It seems like everything I’ve dreamed of doing in Mexico, Diana Kennedy has already done — which makes sense, considering she arrived here in 1957.
Kennedy has worked in a Mexican panadería. She has toured the country befriending fabulous cocineras, and coaxed out the secrets of their prized recipes. She’s passionate about preserving [...]Continue Reading →
When I first moved here, I went a little crazy trying to find quinoa, the nutty, protein-rich seed that’s related to amaranth. I tried smuggling some in from the States, but it didn’t work. Mexican customs agents confiscated my supply. (Later they let me keep my brown rice flakes from India, [...]Continue Reading →
In Mexico City, gorditas de nata refer to two things. They can be round, lightly sweet English-muffin type breads, sold at the markets in plastic bags. Or they’re dense, almost creamy cakes, served warm off the comal. “Nata” means clotted cream — it’s what rises to the top when fresh milk is [...]Continue Reading →
February 2 is Día de la Candelaria in Mexico, a Catholic holiday that honors the purification of the Virgin Mary. It’s also an important day for eating tamales.
The holiday is a follow-up to Three Kings Day on Jan. 6, when families serve a Rosca de Reyes cake that’s baked with hidden figurines [...]Continue Reading →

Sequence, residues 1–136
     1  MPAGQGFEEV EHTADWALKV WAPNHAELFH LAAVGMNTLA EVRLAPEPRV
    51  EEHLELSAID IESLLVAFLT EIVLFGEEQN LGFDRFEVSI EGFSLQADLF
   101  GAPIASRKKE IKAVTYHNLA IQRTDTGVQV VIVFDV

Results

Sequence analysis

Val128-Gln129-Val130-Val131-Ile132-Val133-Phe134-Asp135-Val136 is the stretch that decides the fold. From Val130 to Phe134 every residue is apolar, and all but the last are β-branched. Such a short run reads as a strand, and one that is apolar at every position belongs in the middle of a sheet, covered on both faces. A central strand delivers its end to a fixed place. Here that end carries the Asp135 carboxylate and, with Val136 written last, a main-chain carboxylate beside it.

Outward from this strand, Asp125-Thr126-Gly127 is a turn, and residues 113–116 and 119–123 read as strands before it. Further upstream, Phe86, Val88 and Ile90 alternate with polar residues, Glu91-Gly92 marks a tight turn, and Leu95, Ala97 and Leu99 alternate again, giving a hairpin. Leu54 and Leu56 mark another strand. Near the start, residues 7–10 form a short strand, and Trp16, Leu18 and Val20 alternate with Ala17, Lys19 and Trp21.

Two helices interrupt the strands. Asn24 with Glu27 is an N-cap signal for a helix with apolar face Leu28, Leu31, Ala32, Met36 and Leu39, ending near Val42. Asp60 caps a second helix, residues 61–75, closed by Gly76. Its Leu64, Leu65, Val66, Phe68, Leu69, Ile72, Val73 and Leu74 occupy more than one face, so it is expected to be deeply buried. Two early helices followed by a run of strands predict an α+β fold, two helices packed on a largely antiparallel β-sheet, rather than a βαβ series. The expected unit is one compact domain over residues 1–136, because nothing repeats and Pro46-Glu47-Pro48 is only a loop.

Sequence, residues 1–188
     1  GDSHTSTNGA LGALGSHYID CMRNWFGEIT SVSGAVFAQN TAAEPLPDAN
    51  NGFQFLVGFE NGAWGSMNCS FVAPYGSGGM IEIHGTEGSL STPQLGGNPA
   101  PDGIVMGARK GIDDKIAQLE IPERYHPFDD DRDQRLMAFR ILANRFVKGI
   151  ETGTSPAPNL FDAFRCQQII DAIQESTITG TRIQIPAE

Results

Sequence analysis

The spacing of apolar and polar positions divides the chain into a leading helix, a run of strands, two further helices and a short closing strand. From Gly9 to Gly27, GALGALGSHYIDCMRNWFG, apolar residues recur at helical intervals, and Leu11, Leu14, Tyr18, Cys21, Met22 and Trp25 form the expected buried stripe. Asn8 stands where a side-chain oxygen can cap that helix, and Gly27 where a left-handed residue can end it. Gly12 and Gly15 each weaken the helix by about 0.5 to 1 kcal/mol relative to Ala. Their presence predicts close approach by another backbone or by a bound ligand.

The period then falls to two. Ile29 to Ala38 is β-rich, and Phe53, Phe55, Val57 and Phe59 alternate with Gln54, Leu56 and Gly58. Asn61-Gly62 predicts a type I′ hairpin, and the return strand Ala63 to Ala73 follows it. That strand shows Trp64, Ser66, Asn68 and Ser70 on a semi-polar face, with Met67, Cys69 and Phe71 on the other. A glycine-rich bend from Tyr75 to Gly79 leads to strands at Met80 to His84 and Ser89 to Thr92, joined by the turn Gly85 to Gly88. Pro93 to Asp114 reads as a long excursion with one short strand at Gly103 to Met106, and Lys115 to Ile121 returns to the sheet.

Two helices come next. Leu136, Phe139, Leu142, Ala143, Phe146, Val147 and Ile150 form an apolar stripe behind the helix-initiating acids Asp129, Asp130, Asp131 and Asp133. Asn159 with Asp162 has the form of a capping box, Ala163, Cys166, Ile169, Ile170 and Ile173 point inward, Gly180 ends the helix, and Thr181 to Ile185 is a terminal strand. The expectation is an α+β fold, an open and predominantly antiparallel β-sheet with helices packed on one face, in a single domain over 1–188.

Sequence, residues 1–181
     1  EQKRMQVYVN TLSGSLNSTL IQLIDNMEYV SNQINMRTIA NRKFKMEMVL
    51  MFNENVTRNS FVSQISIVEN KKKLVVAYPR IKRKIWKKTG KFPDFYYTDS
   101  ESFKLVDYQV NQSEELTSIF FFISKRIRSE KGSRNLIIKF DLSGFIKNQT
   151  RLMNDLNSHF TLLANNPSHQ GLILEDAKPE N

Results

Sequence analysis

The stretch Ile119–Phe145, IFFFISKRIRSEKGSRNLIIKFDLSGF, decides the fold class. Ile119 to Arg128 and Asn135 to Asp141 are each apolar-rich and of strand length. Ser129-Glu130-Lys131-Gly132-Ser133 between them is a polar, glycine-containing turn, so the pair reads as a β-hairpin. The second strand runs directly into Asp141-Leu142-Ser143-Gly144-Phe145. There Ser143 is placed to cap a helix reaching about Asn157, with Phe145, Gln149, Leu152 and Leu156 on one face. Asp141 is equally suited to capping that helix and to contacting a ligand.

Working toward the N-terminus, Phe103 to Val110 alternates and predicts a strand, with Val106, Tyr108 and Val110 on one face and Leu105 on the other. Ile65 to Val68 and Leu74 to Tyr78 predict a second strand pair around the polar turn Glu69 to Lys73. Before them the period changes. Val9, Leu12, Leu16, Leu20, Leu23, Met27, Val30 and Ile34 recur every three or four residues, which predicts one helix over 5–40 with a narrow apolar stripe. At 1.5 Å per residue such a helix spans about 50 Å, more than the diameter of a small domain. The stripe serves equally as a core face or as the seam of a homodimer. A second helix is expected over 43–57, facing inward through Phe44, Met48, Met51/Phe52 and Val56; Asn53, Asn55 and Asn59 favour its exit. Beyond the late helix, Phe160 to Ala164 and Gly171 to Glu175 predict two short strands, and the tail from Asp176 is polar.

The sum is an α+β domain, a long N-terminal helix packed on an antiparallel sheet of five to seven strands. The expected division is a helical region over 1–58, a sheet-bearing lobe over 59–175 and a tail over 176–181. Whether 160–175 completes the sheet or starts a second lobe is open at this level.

We arrived at Reyna’s house with two baskets full of produce. She unlocked the heavy gated entrance and we stepped through the doorway. In front of us was an open, tranquil courtyard with a dirt floor. This is where we’d cook and eat.
The kitchen lay just beyond the herb garden. Cooking utensils hung on [...]Continue Reading →
I’ve made sikil pak three times in the past month, and each time I’d stare at the pile of pumpkin seeds in the bowl and think, “There’s no way I’m going to eat all this.” But then I would. Twice I split a batch with Crayton, and the other time I ate the [...]Continue Reading →
We spent two hours at the Tlacolula market outside Oaxaca City this morning, and the dessert above is one of the best things we tried. It’s called calabaza batida and it’s squash — the tamala variety, as it’s known locally — cooked with water and piloncillo until it’s thick and saucy. [...]Continue Reading →
Who is Mija?
Mija is Lesley Téllez, a food writer and culinary guide in New York City. I spent four years in Mexico's Distrito Federal, which launched my deep love for Mexican food and culture. In 2010 I co-founded the tourism company Eat Mexico.
Be kind, ask permission!All photos on this site were taken by me, unless otherwise noted. If you'd like to use a photo, please email me.
Top Posts & Pages
- How to make homemade enchilada sauce in three easy steps
- How to make chiles rellenos, Mexican-grandmother style
- A gringa in Mexico City
- How to make a proper chile en nogada
- The glory of the Mexican breakfast
- Tostilocos: The Mexico street food nacho, Frito-pie hybrid
- The Top 10 Tips to finding an apartment for rent in Mexico City
- How to take taxis in Mexico City, without getting ripped off
- A new Haitian restaurant in Mexico City
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